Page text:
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(54) IMDb 7.1/10
Available in HD

This filmed version of the 1927 George Gershwin Broadway musical Funny Face utilizes the play's original star, Fred Astaire, and several of the original tunes, then goes merrily off on its own.

Suzy Parker,Kay Thompson
1 hour, 43 minutes

Available to watch on supported devices.


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Product Details

Genres Musicals, Dance & Theatre, Music
Director Stanley Donen
Starring Suzy Parker, Kay Thompson
Supporting actors Audrey Hepburn, Robert Flemyng, Fred Astaire, Michel Auclair
Studio Paramount
BBFC rating Universal, suitable for all
Rental rights 48 hour viewing period. Details
Purchase rights Stream instantly and download to 2 locations Details
Format Amazon Instant Video (streaming online video and digital download)

Customer Reviews

4.4 out of 5 stars

Most Helpful Customer Reviews

15 of 15 people found the following review helpful By E. A Solinas HALL OF FAMETOP 500 REVIEWER on 10 Oct. 2008
Format: DVD
Audrey Hepburn as a dowdy, shy little bookworm obsessed with philosophy to the point of excluding all else? Say it's not so.

But such is the legendary actress' role at the start of "Funny Face," an endearingly frothy little musical that spends equal time exploring the nightlife of 1950s Paris and a sparkly, sunny version of the fashion industry. Hepburn and Fred Astaire are the ones who really make the story shine, with plenty of song-and-dance numbers and a quirky, slightly sardonic little romance. It's never a deep story, but it's always a charming one.

Dissatisfied with the latest edition of Quality fashion magazine, publisher/editor Maggie Prescott (Kay Thompson) decides to splash the world with the Next Big Trend: think pink. Cue musical number.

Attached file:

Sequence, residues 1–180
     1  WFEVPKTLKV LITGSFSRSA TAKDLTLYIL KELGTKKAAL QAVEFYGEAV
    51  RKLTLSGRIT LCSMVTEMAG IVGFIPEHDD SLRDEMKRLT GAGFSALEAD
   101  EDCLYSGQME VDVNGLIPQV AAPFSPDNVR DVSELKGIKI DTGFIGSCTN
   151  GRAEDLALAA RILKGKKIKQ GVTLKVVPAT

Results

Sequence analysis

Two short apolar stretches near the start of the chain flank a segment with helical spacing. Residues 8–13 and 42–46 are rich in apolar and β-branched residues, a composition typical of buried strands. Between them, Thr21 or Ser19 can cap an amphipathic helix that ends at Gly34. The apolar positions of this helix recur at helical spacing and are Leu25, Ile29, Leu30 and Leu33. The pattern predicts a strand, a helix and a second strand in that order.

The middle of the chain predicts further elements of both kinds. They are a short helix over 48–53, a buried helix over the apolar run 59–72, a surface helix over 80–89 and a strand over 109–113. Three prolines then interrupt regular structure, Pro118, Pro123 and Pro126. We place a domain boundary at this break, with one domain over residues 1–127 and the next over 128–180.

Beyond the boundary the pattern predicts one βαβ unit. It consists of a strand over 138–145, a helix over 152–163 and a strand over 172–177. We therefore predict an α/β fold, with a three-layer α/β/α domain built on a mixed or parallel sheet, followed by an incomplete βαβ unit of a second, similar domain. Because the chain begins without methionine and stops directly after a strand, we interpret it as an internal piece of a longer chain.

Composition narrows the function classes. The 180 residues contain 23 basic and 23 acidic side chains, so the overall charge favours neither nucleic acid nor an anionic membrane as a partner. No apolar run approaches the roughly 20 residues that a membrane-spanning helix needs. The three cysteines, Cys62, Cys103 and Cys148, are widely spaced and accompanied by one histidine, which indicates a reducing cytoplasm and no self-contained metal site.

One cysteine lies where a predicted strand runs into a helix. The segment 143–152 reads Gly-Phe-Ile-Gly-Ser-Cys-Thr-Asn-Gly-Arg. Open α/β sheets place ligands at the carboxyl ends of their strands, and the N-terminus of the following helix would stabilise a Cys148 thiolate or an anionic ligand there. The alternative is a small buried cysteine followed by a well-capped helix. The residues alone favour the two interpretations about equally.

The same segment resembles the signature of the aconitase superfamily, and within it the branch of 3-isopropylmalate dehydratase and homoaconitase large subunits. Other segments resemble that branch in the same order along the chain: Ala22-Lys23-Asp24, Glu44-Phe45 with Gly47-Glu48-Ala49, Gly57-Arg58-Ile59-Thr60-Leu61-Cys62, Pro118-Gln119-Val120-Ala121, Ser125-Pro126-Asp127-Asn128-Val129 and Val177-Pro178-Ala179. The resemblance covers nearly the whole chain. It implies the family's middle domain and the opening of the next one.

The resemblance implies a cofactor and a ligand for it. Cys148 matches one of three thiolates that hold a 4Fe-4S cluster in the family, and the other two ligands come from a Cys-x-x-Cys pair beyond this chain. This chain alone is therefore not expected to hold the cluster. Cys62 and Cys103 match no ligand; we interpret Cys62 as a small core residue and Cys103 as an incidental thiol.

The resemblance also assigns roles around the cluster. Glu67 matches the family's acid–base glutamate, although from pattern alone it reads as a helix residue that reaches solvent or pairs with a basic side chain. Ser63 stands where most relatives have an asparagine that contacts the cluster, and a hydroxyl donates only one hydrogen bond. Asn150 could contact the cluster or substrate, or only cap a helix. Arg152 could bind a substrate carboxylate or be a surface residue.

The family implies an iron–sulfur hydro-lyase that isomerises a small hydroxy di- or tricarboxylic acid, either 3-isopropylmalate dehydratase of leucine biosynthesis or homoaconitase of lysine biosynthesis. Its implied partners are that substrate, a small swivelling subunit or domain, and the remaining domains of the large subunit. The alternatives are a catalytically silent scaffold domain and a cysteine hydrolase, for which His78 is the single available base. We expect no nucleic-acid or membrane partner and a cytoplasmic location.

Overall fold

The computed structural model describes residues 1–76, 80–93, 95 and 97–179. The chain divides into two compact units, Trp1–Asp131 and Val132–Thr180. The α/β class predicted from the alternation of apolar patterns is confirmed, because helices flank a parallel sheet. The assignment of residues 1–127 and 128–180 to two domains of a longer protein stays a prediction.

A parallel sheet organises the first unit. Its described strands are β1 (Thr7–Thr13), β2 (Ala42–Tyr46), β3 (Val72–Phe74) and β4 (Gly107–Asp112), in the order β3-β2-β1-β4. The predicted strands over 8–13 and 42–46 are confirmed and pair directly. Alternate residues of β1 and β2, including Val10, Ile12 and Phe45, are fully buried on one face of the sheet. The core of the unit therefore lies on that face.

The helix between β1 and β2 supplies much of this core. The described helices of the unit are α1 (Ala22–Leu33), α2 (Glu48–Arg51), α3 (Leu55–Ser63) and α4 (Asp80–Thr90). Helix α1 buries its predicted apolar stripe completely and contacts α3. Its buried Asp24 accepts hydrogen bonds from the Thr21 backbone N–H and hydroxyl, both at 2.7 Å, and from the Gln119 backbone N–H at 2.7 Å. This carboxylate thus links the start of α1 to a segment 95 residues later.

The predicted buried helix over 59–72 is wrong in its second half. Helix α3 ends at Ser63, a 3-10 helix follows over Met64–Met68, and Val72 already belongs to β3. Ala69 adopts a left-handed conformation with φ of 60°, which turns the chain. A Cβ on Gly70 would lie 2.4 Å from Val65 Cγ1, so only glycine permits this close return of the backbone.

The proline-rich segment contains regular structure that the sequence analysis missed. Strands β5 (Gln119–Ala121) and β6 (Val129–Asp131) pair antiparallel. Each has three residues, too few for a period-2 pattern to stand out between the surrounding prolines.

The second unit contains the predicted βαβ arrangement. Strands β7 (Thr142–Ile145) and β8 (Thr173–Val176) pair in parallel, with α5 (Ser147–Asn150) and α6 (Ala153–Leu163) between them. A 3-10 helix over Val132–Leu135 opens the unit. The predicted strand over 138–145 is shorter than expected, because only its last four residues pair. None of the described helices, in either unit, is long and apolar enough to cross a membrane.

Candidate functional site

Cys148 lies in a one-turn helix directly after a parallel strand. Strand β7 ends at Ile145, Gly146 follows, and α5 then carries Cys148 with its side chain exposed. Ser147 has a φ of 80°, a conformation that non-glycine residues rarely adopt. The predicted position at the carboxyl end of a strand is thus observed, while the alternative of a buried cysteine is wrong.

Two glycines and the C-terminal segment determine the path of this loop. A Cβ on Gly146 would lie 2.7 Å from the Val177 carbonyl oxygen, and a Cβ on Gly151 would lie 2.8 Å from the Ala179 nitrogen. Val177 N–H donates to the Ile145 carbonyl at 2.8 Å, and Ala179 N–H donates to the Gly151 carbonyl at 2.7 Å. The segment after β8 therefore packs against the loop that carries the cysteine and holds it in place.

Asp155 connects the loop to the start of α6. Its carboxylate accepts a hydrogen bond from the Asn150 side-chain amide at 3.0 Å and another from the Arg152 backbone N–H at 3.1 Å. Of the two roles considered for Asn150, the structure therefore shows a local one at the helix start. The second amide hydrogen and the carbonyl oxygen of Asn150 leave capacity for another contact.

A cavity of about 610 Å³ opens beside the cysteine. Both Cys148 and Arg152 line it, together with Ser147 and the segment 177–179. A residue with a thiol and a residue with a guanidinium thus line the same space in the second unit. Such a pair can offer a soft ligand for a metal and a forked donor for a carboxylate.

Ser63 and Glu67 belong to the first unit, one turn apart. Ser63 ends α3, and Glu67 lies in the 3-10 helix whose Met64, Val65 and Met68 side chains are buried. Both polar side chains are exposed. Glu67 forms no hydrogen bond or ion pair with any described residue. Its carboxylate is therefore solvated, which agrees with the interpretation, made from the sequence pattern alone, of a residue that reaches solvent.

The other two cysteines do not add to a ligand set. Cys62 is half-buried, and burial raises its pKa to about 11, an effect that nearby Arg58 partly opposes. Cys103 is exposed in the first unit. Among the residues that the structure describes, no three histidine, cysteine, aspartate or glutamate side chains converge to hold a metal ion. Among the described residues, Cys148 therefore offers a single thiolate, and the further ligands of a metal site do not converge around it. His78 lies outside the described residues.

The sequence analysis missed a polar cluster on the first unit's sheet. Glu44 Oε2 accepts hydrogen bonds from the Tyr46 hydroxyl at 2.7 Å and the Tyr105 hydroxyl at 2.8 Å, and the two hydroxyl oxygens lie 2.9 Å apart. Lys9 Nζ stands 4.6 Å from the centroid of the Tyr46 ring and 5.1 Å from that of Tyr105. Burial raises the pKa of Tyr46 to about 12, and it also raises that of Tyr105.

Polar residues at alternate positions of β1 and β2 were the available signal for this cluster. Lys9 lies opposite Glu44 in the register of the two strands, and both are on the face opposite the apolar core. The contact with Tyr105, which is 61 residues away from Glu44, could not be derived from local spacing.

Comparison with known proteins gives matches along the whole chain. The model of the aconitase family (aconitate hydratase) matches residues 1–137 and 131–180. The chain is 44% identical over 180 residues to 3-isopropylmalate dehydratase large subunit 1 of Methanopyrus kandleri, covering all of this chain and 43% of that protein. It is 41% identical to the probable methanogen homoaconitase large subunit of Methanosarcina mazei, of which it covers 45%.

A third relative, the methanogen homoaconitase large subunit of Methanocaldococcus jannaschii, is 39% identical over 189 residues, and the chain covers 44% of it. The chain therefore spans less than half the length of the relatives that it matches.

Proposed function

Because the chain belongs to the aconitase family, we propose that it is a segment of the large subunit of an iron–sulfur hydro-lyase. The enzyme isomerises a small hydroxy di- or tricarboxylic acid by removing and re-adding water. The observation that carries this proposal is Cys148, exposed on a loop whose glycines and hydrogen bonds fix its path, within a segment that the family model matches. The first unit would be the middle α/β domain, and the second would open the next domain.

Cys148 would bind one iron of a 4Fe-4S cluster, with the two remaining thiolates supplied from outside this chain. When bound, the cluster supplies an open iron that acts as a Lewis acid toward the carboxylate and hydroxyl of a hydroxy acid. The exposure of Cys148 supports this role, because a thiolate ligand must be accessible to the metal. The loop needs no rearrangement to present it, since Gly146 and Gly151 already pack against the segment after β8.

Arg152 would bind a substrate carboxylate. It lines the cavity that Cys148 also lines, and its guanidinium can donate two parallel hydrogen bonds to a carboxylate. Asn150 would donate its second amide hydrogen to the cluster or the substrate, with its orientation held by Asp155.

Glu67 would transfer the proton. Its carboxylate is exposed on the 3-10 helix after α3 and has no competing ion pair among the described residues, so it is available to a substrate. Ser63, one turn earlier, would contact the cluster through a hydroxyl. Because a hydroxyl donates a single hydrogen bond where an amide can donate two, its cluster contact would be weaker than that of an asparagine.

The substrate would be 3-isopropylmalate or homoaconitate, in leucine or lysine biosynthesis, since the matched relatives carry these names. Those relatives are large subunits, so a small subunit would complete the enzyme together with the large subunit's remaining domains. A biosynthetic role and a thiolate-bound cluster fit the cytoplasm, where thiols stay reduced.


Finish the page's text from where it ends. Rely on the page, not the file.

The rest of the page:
She also decides to add an intellectual bent to the fashion world ("Marion, dear, what are you reading?" "Minute Men from Mars!"), and temporarily takes over a boho bookstore for a suitable backdrop, much to the dismay of the owner Jo (Hepburn). Photographer Dick Avery (Fred Astaire) is struck by Jo's earnestness and unique "funny face," and convinces Maggie to make her their new star model -- supposedly a woman who embodies intellect as well as chic fashion.

Jo doesn't like fashion ("It is chichi, and an unrealistic approach to self-impressions as well as economics!") agrees because she wants to meet her favorite philosopher in Paris, and immerse herself into the bohemian nightlife. But she's slowly growing to love her modeling career -- and Dick as well. But when Jo encounters the eminent Professor Flostre, her budding relationship with Dick is disrupted -- can fashion and philosophy find true love, or are their differences too much?
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18 of 19 people found the following review helpful By "starlighthotel" on 15 Aug. 2005
Format: VHS Tape
Audrey Hepburn does indeed fill the air with smiles in Stanley Donen's exquisite and happy film about a shy book clerk in New York who is transformed into the toast of the Paris fashion world. George and Ira Gershwin wrote some of their best songs for the film and a few additional numbers were contributed by Roger Edens and Leonard Gershe, who also wrote the delightful story. The premise is quite frivilous but the execution glorious and joyful and it is easy to see why this was Audrey's favorite among all her films.